8 picturesque village names in Mauritius
During your stay in Mauritius, discover the island and let yourself be charmed by the mysterious names of some villages. History, anecdotes and other cultural heritages have contributed to the naming of the villages of Quatre Cocos, Curepipe and Pointe du Diable.– Poudre d’OrAccording to Bernardin de Saint-Pierre, author of the novel “Paul et Virginie”, it is the particularly golden sand that gives its name to the coastal village about fifteen minutes from Mythic Suites & Villas on the east coast. It is also opposite this village that the author sets the shipwreck of the Saint-Géran, which is honoured by a monument on the waterfront.– Trou d’Eau DouceThe name of the village comes from the confluence of a drinking water source and the sea. Trou d’Eau Douce was one of the Dutch anchorage and supply points on their way to their colonies to the East Indies.Quatre CocosThe name of the small coastal village of Quatre Cocos pays tribute to four historical figures from the beginning of the 20th century, four “Cocos” who worked for the region as well as for the country.– La Pointe du DiableBetween Anse du Petit-Sable and Anse-Bambous, Pointe-du-Diable was an important military base for the French. There is a fort and a battery of anti-vessel cannons to help protect against English invasions from the sea. Its strategic proximity to Grand-Port is a reminder of Napoleon’s sole naval victory in 1810.– Quatre-Soeurs and Deux-FrèresThe neighbouring villages of Quatre-Soeurs and Deux-Frères owe their names to the six heirs of the Chéron family. It is one of the most peaceful coasts in Mauritius. Bordered by beautiful green mountains, life flows quietly between the sea and the peaks.– MahébourgThe southern village is a tribute to the French governor Mahé de Labourdonnais, who erected the original walls in the early 1800s. The charming village is certainly one of the most strongly impacted by the island’s colonial history, featuring a unique naval museum.– Gris-GrisOn the south-east coast, this rugged landscape reminds us of Brittany and its cliffs overlooking the deep blue waters. With constant waves, sea spray and wind, the atmosphere is beautifully nostalgic, hence the name.– Le MorneTwenty minutes from Marguery Villas, this mountain, after which this coastal village is named, was the site of a tragedy. In 1835, following the abolition of slavery in Mauritius, a detachment of English policemen was sent to inform the maroon slaves of Le Morne of their free status. But they misunderstood their intention and, in panic, jumped off the cliff.– CurepipeCurepipe, an important stop along the stagecoach, was a place where travellers could smoke and clean their pipes, as the Napoleonic soldiers used to do in the garrison in the town. Don’t hesitate to set off along this route of poetic names of villages from the east to the west coast of Mauritius to enjoy the multicultural heritage of the island.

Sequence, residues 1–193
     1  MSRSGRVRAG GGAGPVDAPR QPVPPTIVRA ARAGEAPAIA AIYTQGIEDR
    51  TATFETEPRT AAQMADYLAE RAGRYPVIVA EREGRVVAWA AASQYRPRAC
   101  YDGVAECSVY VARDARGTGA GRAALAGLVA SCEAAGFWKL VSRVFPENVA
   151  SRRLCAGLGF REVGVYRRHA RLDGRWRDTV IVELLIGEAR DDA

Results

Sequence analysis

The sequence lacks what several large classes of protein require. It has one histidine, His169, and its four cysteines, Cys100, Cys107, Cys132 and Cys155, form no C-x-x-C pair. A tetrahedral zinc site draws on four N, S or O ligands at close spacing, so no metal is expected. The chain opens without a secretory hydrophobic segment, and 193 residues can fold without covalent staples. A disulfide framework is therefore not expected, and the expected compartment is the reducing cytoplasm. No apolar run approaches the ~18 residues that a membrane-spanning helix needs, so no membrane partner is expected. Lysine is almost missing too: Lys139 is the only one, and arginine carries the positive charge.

Excursion: A day in Chamarel, Mauritius
Fancy a refreshing walk in the mountains? Head for Chamarel, a charming village overlooking the magnificent Morne lagoon. Mauritius mountain ranges hold many unexpected and authentic encounters with the locals in these quiet little villages. Join us for a fun-filled day, with walking shoes or sports shoes.Winding road and breath-taking viewsWhen leaving Marguery Villas, head for Le Morne. Once you have passed through the village of Petite Rivière-Noire, take the road that runs alongside the church and climbs steeply towards the summits of the Gorges National Park. It is already getting colder, even though the difference in altitude is not very significant. The winding road opens up into dense, bright green forests. Keep an eye out for the many monkeys that live in this unspoilt environment.After ten minutes or so, you will reach the viewpoint for your first stop: a breath-taking panorama where the emerald of the forests gives way to the turquoise of the lagoon. The island unfolds in splendid natural beauty, revealing its unique beauty from on high.Picking Chinese guavas!The good treat of this April outing is the Chinese guava season, a tradition that is an integral part of local folklore. From April to June in Plaine Champagne (about ten kilometres away), Mauritians, equipped with a bag, set off in search of these bushes bearing the precious red fruits. There are two kinds of guavas in Mauritius: the red, slightly acidic “China” guavas and the larger, yellow, slightly more acidic “China de France” guavas (don’t try to explain it). Guava trees grow on both sides of the road, so you just have to park and walk into the thick vegetation, often growing tall. The task is not always easy, everyone calls out to each other to avoid getting lost, but the result is worth it: guavas can be eaten plain, with a touch of salt and chilli or in jelly and jam. You can eat them generously during the harvest, but be careful not to let yourself get carried away.A good Mauritian mealAfter this epic harvest, you are in the mood for a good meal. You can choose between a typical lunch in one of the village’s “tables d’hôtes” or a more gastronomic break at the restaurant Le Chamarel. In both cases, you will enjoy Mauritian cuisine, but the table d’hôtes provides a more intimate and interesting experience of sharing with the villagers.Visit to the Chamarel RhumeryFeaturing a stunning stone chimney, a distillery and acres of fruit plantations, the Rhumerie de Chamarel is an interesting place to learn all about the making of quality agricultural rhum. Watch the production process with the copper stills and the cellars with their oak barrels where the rhum is aged. Parents will enjoy tasting the different kinds of rhums and bring back a 100% local gift in their luggage.Excited about this excursion? Ask your concierge to book a lunch spot and let yourself be charmed by the experience!